1.  Yemen and the Sinai Peninsula – new havens of terrorism

Yemen has suffered from domestic turmoil for quite some time. It wasn’t only the anti-government protests, which erupted after the Jasmine Revolution in Tunisia, but even earlier there were reports of tribal conflicts over water supplies.

Yemen is virtually on the verge of becoming a failed state. Just a couple of days ago, terrorists detonated a bomb at the Policy Academy in Saana. President Saleh might be gone, but Yemen has to face much bigger challenges than Libya, Tunisia or Egypt. The State’s authority over its territories is limited to major cities, leaving terrorists, financed by Iran, thriving in the North and the South of the country. Hadi’s new government has virtually no resources to increase its presence in rebellious provinces or to undertake reforms, which would revive the non-existent economy. And since Yemen has minute natural resources, none of the Western states is keen on entering a substantial and comprehensive development aid project. Since half of Yemen’s population already lives for less then $2 a day, the country can already be seen as a giant harvesting ground for terrorist organizations. Yemen might draw attention of the West, when it will be already infested with Al-Qaeda and Iran-backed terrorist cells. It is an extremely volatile situation right now which can go from bad to extremely dangerous within a few years if the US is not willing to step up its counter-terrorism activities in Yemen.

A threat on a different but still very serious level comes from the Sinai Peninsula. The Egyptian territory east of the Suez Canal has virtually become an outlawed territory after Mubarak’s downfall, falling into the hands of gangs of Bedouin smugglers. It is already estimated that the smuggling industry in Sinai is worth around $0,5 bln. Everything can be contraband – from food and weapons to sex slaves and drugs. Indeed, the Sinai has become one of the major human trafficking spots, where Bedouins kidnap Sudanese refugees desperate to reach Israel, and sell them to Europe and elsewhere. These gangs operate technicals – the Somali-“Black Hawk Down” type – as well as anti-tank missiles, machine guns, RPGs and many more. A development severely worsening the situation is the progressing radicalization of traditionally religion-neutral Bedouins. The culprit for this is Hamas in the nearby Gaza Strip, who trade with Bedouins and recruits operatives to mount attacks on Israel from Egyptian territory. Since Mubarak left the government, there were around 200 incidents of terrorist attacks against Israeli civilians in Eilat or the Negev desert, as well as sabotage attacks on pipelines, which supply gas to Israel. The gas flow has already been suspended a couple of times leaving Israel with gas shortages over the year. This picture indicates that the Sinai might become, alongside Yemen, another haven for Al-Qaeda and Hamas terrorists. The result might be a regional disaster – any major attack on Israel from Egyptian territory will shred the peace treaty into tatters.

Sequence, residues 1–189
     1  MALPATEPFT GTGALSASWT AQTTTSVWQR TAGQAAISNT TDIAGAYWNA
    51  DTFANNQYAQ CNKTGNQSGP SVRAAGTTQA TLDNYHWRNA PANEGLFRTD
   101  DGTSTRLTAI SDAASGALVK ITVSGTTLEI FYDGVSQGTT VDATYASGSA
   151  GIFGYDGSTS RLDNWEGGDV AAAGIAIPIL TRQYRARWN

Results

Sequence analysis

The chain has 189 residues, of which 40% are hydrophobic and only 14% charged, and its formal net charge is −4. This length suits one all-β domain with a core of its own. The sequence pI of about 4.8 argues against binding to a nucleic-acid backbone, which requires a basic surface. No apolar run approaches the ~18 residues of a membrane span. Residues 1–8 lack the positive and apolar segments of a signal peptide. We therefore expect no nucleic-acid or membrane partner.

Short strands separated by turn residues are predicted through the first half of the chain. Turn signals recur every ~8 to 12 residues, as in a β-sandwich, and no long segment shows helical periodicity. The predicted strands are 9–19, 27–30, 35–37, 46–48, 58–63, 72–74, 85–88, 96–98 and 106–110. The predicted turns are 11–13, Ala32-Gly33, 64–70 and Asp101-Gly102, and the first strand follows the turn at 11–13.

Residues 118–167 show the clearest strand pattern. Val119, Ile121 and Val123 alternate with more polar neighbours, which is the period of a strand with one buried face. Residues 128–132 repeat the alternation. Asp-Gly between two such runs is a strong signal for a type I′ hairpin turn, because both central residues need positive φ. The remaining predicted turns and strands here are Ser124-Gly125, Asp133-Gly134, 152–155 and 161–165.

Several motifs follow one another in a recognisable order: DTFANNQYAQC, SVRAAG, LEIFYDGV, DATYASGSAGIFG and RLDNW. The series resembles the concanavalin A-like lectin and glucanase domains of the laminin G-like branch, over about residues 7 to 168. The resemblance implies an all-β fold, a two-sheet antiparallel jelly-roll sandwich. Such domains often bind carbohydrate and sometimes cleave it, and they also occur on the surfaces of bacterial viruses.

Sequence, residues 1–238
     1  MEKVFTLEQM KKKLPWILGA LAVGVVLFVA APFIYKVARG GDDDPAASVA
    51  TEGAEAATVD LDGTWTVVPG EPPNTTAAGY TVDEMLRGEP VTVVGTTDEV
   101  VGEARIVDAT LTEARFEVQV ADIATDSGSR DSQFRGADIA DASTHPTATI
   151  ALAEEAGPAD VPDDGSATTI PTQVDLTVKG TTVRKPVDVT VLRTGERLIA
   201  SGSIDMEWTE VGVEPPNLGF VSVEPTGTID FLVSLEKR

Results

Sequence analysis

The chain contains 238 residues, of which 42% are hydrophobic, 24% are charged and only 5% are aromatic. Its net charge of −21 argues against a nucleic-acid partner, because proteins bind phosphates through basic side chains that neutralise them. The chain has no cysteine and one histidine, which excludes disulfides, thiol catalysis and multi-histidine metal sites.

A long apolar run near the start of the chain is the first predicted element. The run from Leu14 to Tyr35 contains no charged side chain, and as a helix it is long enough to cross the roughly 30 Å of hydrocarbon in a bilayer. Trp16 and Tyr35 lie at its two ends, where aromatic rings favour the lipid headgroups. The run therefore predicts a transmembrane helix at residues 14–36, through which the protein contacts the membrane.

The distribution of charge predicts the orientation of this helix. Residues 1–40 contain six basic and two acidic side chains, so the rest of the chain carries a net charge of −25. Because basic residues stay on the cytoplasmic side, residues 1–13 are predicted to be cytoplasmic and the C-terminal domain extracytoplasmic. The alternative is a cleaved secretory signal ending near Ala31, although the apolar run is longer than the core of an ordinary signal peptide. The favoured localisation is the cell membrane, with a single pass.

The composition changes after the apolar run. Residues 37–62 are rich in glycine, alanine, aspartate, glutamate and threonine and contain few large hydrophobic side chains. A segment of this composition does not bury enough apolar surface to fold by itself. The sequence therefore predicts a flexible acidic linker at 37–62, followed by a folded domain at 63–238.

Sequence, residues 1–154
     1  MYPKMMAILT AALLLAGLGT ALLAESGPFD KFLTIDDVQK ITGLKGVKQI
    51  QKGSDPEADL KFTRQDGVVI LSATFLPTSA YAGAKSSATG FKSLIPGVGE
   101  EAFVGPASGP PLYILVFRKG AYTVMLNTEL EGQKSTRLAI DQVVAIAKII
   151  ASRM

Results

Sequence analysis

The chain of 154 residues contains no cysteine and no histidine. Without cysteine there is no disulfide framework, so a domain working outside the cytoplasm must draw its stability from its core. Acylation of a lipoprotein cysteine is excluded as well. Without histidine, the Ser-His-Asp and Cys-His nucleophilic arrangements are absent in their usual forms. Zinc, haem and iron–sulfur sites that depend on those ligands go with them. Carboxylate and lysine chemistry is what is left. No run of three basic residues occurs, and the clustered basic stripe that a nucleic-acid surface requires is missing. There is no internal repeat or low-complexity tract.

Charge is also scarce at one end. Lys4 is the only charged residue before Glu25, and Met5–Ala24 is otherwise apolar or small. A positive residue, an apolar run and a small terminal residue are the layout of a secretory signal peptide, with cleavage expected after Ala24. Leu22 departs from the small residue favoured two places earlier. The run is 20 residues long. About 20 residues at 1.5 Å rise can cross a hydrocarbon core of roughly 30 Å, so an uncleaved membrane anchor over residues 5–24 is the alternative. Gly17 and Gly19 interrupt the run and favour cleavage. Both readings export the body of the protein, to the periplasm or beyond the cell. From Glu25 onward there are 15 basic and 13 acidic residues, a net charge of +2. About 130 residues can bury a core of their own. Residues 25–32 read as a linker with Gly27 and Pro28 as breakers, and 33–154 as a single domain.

pakistan

Pakistan & The Bipolar World Order

As we drift ever closer to a bipolar world order, why not let economic stagnation become the mutual enemy that all nations share?

[dhr]

[dhr]

[dropcap]F[/dropcap]ukuyama’s ‘The End of History’ essay may not have correctly predicted everything it was supposed to, but one realisation certainly holds true to this day: realist manoeuvrings and proxy inter-state wars have always been an inevitable feature of a bipolar world. With the fall of the USSR, and the US’s securing of uncontested, top dog status, inter-state warfare has fallen to its lowest level since World War II, making this the most peaceful period of modern history. The explanation being that in a world with two competing super powers, fragile alliances are held together by mutual enemies.

Although not yet a bipolar world by most people’s evaluations, the rising influence of China will undoubtedly lead to nations asking serious questions of themselves and who they choose to associate with. This week, while the US ambassador to Pakistan stepped down for what Washington insisted was for personal reasons alone, the Chinese ambassador to Pakistan met with President Zardari to discuss matters of mutual cooperation and bilateral trade.

In recent years, Ambassador Munter may well have held the least coveted role in international relations. Following the arrest of a CIA contractor in Lahore and the US led mission to capture and kill Osama Bin Laden, Munter has had to deal with the killing of 24 Pakistani soldiers in November 2011 when the US strayed across the border from Afghanistan. His resignation may appear, after all this, to be the icing on a rather stale and crumbling diplomatic cake.

A Difficult Friendship

The most worrying aspect of these recent events is the fact that they do not come as much of a surprise to anyone. The US and Pakistan have quite a history of sharing mutual enemies and their relationship has, therefore, always been one of convenience and insincerity. Whether it was Nixon and Kissinger using Pakistan’s friendship with China to make Sino-US inroads, or Pakistani support of anti Soviet groups in Afghanistan, the US has always been able to find some beneficial reason to keep Pakistan within arm’s length.